Manufacturing Employment Elasticity and Its Drivers in Developing and Emerging Countries : Focus on Sub-Saharan Africa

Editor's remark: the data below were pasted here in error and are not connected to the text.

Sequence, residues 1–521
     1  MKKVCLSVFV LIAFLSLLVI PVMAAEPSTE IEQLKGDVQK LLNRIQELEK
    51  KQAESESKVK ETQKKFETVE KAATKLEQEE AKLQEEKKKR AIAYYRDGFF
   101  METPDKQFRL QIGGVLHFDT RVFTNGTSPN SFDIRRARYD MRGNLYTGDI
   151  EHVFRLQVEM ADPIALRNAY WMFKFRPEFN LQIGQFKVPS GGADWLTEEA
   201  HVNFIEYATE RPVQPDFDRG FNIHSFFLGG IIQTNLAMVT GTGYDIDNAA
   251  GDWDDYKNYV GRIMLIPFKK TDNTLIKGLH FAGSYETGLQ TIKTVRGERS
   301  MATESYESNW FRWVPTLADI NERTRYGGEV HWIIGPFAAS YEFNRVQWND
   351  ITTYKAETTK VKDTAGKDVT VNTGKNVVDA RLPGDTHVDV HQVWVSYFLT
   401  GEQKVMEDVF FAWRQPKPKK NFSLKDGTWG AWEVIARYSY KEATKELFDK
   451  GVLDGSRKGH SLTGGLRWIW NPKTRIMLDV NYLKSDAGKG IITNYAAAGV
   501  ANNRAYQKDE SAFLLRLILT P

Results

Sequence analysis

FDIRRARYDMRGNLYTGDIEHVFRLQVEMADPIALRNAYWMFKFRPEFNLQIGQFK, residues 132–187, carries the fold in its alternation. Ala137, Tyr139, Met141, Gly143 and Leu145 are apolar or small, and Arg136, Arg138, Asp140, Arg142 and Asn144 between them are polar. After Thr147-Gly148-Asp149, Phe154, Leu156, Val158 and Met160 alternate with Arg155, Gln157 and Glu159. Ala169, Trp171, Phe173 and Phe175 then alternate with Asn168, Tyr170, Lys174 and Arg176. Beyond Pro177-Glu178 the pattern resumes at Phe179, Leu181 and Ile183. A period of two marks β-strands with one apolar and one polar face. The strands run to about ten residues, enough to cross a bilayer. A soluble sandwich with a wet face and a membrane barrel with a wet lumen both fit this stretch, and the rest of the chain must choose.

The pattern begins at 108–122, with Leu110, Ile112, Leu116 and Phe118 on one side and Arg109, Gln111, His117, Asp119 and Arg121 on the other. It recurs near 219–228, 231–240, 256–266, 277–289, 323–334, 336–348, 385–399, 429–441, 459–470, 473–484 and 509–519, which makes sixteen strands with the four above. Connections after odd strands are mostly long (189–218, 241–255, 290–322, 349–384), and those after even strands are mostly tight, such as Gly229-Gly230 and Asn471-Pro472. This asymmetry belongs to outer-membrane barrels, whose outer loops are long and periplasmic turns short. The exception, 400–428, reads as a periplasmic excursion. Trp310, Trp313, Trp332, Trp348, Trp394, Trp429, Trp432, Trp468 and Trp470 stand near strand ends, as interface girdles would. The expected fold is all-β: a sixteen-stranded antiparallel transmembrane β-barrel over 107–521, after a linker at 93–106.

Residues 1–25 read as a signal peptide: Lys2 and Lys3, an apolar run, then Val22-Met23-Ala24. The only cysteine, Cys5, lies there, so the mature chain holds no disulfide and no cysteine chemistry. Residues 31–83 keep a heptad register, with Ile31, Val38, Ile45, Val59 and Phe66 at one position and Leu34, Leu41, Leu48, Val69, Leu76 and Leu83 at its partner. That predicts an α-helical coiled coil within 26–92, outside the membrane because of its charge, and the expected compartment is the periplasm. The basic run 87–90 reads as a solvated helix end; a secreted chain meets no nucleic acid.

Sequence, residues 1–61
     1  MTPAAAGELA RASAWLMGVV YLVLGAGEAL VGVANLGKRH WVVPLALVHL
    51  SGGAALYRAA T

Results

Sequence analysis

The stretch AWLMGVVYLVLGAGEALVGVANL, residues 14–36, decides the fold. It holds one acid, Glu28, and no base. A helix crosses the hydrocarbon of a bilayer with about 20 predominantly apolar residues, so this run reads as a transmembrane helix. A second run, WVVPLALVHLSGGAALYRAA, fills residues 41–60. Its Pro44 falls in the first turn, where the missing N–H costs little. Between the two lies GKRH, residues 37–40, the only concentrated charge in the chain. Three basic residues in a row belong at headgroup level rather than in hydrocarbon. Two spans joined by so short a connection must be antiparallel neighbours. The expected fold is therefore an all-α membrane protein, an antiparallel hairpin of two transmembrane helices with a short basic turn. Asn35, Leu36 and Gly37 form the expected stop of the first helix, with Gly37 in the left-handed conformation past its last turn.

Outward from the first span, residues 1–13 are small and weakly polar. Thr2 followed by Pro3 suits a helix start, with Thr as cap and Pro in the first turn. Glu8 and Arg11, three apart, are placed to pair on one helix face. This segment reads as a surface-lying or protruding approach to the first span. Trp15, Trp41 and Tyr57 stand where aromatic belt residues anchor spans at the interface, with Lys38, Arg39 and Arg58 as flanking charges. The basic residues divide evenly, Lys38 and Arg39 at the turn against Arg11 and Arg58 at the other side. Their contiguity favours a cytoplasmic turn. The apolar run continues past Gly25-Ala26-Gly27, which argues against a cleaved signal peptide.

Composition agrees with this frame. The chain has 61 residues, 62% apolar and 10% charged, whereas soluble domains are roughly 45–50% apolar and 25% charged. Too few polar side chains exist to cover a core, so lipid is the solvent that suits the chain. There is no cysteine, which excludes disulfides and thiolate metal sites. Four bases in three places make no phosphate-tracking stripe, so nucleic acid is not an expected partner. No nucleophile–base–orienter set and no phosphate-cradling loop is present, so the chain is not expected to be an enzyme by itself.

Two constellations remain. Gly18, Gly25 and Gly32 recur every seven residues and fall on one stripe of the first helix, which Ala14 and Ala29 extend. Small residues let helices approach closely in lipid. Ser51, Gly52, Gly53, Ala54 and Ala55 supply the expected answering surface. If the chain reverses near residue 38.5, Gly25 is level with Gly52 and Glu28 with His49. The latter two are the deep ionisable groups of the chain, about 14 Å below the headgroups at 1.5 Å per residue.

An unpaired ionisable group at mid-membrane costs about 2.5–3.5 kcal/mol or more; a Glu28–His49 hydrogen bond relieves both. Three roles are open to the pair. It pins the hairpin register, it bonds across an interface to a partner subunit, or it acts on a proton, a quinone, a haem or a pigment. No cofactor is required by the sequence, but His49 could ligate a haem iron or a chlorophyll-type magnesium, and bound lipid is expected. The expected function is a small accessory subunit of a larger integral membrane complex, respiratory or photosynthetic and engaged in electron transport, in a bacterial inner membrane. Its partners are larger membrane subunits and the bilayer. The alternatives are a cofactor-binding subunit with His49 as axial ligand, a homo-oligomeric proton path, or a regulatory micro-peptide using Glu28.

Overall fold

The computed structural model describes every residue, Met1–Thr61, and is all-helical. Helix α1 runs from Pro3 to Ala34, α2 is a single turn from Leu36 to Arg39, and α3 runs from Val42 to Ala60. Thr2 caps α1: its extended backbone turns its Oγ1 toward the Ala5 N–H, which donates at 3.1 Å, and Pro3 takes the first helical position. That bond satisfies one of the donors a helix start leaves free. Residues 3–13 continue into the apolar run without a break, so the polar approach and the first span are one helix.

This paper does not try to provide comprehensive analysis of the de-industrialization process, deeply addressed by researchers, but rather assess to what extent manufacturing activities, limited as they are, are inclusive in sub-Saharan Africa, compared to the rest of their economy. The second issue this paper is trying to address is to identify the determinants of employment intensity of growth in the manufacturing sector based on a sample of 30 developing and emerging countries, including eleven sub-Saharan countries. In fact, studies tend to focus on drivers of overall employment intensity that encompass heterogeneous sectoral dynamics between growth and employment. Few studies have desegregated the analysis by sectoral level but still considered the secondary activities as a whole including manufacturing, construction, utilities and mining and quarrying. The present paper goes beyond these limitations and tries to assess how different manufacturing elasticity responsiveness is to a set of explanatory variables in comparison to overall employment elasticity. This paper contributes to empirical literature on the matter by providing a new set of employment-output intensities in the manufacturing sector for eleven Sub-Saharan African economies and by assessing the key factors shaping cross-country elasticities, based on a sample consisting of 29 developing and emerging countries provided by the Groningen Growth and Development Centre (GGDC), covering the period 1990-2010.